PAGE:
On March 8, 2023, the Iowa Court of Appeals affirmed the division of a farm partnership’s alleged assets and liabilities after the death of one of the business partners. With “scant” evidence, the Court of Appeals affirmed that the deceased partner took out a loan as an individual, not as a business partner. Additionally, the deceased partner’s estate was not entitled to the proceeds from the sale of the partnership’s farm equipment because it was sold at a loss.

With unclear terms and intentions, two parties attempted to negotiate the sale of a farm property. After both vacillated between moving forward and rescinding the agreement, the seller and the buyer petitioned the court for specific performance of the sale. On March 8, 2023, the Iowa Court of Appeals affirmed the district court’s order of specific performance finding that the seller did not abandon his specific-performance claim.

April 28, 2023 | Jennifer Harrington

The Iowa Supreme Court affirmed that a lessee could exercise their renewal option under the rental contract by only giving written notice even though a later paragraph stated that the rental payment would be due when the renewal option was exercised. The court found that the structure of the agreement and renewal option paragraph made the rental payment a term of performance, not a condition precedent to exercising the renewal option.

The Iowa Court of Appeals affirmed the probate court’s allocation of attorney fees and court costs arising from litigation under which the trust received a $159,250 settlement. Pointing to a clause in the trust document stating that “administrative costs” were to be paid from the income generated by the trust, the trust’s remainder beneficiaries argued that the expenses should be paid solely from the trust income.

April 11, 2023 | Jennifer Harrington

The Iowa Court of Appeals affirmed the dismissal of two neighboring landowners’ claims against each other in a water drainage dispute. For many years, the neighbors had argued about the proper flow of water, eventually using self-help techniques to control the water. The court found that the water flow prior to the self-help techniques determined the appropriate burdens between the parcels. However, it could not order injunctive relief for the dominant parcel because the trial court did not rule on that neighbor’s claim for injunctive relief.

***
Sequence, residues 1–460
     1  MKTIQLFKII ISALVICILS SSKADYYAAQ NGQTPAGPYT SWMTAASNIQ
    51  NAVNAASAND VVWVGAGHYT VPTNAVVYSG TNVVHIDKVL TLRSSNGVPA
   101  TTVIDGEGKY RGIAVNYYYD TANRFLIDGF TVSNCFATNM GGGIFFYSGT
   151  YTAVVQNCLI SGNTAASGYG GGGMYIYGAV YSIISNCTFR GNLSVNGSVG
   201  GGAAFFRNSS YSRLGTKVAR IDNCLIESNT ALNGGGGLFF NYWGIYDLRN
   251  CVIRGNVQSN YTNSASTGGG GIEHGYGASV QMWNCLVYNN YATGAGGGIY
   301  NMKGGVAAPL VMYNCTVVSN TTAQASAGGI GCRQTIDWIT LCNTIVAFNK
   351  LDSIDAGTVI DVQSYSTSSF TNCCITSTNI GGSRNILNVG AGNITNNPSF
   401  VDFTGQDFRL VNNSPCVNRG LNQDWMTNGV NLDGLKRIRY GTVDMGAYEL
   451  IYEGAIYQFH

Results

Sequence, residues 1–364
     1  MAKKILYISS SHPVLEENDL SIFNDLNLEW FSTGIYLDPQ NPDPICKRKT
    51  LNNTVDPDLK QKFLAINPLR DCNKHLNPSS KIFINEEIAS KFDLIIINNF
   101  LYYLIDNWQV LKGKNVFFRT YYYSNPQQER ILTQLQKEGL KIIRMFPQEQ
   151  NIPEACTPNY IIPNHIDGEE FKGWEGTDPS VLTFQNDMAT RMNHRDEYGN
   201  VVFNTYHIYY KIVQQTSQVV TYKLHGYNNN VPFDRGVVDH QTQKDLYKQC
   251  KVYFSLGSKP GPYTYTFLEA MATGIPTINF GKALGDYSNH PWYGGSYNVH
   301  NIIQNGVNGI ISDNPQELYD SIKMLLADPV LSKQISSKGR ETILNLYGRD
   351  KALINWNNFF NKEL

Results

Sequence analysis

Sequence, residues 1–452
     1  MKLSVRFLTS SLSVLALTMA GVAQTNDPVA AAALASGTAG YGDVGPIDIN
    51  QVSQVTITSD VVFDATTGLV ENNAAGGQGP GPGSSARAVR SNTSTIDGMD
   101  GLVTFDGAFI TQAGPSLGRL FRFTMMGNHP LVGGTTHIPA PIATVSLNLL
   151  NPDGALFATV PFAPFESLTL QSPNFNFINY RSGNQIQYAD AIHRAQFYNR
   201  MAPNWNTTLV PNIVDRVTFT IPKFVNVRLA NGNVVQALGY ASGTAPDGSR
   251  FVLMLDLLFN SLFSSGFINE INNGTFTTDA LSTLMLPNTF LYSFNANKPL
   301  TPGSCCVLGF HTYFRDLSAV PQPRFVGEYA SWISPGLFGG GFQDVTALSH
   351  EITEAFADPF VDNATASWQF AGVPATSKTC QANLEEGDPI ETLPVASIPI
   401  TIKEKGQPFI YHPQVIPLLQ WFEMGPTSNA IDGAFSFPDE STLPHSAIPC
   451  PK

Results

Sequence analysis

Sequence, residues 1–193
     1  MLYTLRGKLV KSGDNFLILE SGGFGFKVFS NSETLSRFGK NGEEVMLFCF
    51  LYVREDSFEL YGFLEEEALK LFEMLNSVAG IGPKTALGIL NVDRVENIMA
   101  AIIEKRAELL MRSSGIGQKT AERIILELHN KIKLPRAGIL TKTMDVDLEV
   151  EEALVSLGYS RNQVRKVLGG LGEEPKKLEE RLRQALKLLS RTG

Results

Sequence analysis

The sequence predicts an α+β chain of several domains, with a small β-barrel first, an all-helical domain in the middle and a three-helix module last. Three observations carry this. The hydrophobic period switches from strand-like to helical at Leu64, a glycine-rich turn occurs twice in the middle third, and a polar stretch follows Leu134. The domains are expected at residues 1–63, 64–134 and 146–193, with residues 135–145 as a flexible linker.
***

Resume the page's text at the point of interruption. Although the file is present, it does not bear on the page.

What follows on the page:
The decedent passed away intestate in Belize. He owned real estate in both Polk County and Belize, several financial accounts, and a life insurance policy. The decedent’s adult daughter petitioned to open an estate in Polk County. His surviving spouse, who is not related to his daughter, filed a motion to dismiss the petition claiming that the decedent had lived in Belize for many years before his death and, as a result, the probate court lacked jurisdiction.

In a recent case, the Iowa Supreme Court considered whether Iowa’s tax-sale redemption notice procedures violated a landowner’s due process rights. The landowner argued that the law was unconstitutional because it did not require personal service, only notice by mail. The Court ruled that due process does not guarantee a property owner actual notice before the government takes the property. Instead, the landowner is entitled to a method of service “reasonably calculated” to provide timely notice.

March 7, 2023 | Kristine A. Tidgren

A recent case from the Iowa Supreme Court highlights the importance of carefully completing and reviewing beneficiary designations for IRAs and other retirement accounts.

January 29, 2023 | Kristine A. Tidgren

In a January 27, 2023, opinion, the Iowa Supreme Court found that a joint tenancy with rights of survivorship was converted to a tenancy in common when one of the owners transferred her undivided interest to a revocable living trust.